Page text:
We called it "The SS Fireflight" because ,well, that was the name of that model and because it was the size of ship.  With a pushbutton transmission, hydraulic windows, doors heavy enough to cut off your arm if you got it caught and a kind of brownish mauve colored brocade upholstery along with a big-ass Hemi engine to move that vessel around town.  

All seven of us, Gramma, Grandpa, my Mom and Dad and us three girls, would pile in and head out on the highway, looking for adventure, in whatever comes our way.  Sometimes Grandpa would be behind the wheel, other times my dad would drive.  My mom would sit up front with the men and Gramma would sit in the back with The Three Comanches (Jamie, Tracie and I) and she'd remind us not to roll down the windows and stick our hands out because if we stuck our hands out the window, they'd blow off and maybe hit the windshield of another car and cause the driver to crash.

We never knew where our Sunday drive would take us.  Some days, we'd head toward Santa Barbara and San Luis Obispo because my devoutly Catholic Gramma wanted to see the Missions.  Another time, we drove to Palm Springs because the Date Festival was going on.  A highlight of that was seeing that racy flick, "Sex Life of a Date" which I think was about the growing and cultivation of date palms but all I remember about it was that it was boring and there wasn't any naughty stuff, let alone S E X.  

One time, we were out on a Sunday Drive, out in the middle of nowhere (it seemed to me) and we were passing this big stadium looking thing and Gramma said, "That's where the Angels play". Since I knew that Angels were in Heaven and if that stadium place was where the Angels played, and I pictured them sitting on the ground in their long white nightgowns and halos and wings playing with toys and stuff, and that if you SAW the Angels playing then that meant you were DEAD and I got all freaked out because that was just a little too REAL if I actually SAW where Angels played instead of just imagining them up in Heaven and I wanted to get away from that place as fast as I could because it was like having a brush with death, just like when I'd see lights moving around the sky at night and I always thought it was Angels flying around and didn't believe it when someone told me those lights weren't Angels you big dope, they were spotlights.  Nope, I wasn't fooled because I saw the actual place where the Angels played with my own two eyes even if I didn't actually SEE the Angels in their nightgowns and wings and halos but I KNEW they were in that place.  Gramma said so.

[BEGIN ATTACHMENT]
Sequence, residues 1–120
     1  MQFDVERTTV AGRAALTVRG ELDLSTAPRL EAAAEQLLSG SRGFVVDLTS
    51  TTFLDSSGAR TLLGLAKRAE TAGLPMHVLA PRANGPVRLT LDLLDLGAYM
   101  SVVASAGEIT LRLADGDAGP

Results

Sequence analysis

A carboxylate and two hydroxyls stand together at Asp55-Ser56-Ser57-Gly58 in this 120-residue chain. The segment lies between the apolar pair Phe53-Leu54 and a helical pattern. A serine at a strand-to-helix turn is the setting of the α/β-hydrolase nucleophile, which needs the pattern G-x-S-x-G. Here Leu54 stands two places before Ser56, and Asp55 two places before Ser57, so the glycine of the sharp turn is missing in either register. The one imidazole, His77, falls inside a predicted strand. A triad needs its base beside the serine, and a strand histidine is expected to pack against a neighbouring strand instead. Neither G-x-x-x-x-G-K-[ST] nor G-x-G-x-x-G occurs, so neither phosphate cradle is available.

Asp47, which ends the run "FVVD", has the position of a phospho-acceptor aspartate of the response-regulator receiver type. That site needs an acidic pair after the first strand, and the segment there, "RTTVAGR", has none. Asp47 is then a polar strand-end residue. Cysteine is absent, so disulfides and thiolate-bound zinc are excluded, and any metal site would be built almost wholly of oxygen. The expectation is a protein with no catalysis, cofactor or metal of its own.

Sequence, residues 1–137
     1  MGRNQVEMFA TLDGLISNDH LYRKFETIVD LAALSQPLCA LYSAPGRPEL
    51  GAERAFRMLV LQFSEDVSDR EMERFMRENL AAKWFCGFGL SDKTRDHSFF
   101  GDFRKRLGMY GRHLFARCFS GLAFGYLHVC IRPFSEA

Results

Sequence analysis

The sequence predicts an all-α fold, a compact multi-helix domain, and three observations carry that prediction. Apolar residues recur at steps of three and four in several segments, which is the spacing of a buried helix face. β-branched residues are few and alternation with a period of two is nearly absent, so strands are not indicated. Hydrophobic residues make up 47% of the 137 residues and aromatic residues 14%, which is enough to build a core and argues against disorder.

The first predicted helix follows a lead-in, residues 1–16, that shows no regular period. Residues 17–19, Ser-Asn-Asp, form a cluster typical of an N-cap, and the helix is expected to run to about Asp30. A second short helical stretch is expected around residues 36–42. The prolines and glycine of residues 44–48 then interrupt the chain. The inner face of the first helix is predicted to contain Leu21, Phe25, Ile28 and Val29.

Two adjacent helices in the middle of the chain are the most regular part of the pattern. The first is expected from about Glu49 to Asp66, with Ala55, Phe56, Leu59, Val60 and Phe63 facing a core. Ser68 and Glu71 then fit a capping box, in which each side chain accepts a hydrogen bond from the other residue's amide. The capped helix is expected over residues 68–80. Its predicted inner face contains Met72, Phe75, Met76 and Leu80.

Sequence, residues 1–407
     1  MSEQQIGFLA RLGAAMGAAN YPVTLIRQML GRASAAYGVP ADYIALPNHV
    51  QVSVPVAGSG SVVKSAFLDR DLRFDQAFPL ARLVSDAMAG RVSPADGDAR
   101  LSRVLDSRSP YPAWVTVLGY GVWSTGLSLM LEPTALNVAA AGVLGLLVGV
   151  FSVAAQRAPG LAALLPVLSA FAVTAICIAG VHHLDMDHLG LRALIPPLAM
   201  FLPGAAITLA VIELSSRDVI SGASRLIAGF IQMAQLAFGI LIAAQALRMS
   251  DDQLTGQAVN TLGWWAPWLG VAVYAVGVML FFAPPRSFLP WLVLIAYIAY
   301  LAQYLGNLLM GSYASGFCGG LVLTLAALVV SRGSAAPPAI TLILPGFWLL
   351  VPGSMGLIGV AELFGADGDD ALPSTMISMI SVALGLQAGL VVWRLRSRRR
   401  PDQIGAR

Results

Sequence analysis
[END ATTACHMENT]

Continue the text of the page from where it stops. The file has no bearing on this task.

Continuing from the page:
Years later I finally figured out Gramma was talking about the California Angels baseball team (none of that stupid "Los Angeles Angels of Anaheim" crap which is such an insulting name and I'm not even a baseball fan) but I still remember being all freaked out at the thought of Angels right there instead of up in Heaven and I still get the heebie-jeebies.

I don't remember when we stopped going for family Sunday Drives, probably in the early 70's when my Grandpa had yet another of his heart attacks and couldn't drive much but those drives, and the SS Fireflight, which finally left the family sometime in the early 90's, were a treasured part of my childhood.

Nowadays, our Sunday Drives consist of towing the big toyhauler home from a desert motorcycle race and instead of laughter and conversation, there's snores coming from the exhausted guys in the backseat.

And no wild-eyed wonder at seeing such sights such as the place where actual Angels play.

They have no idea what they missed.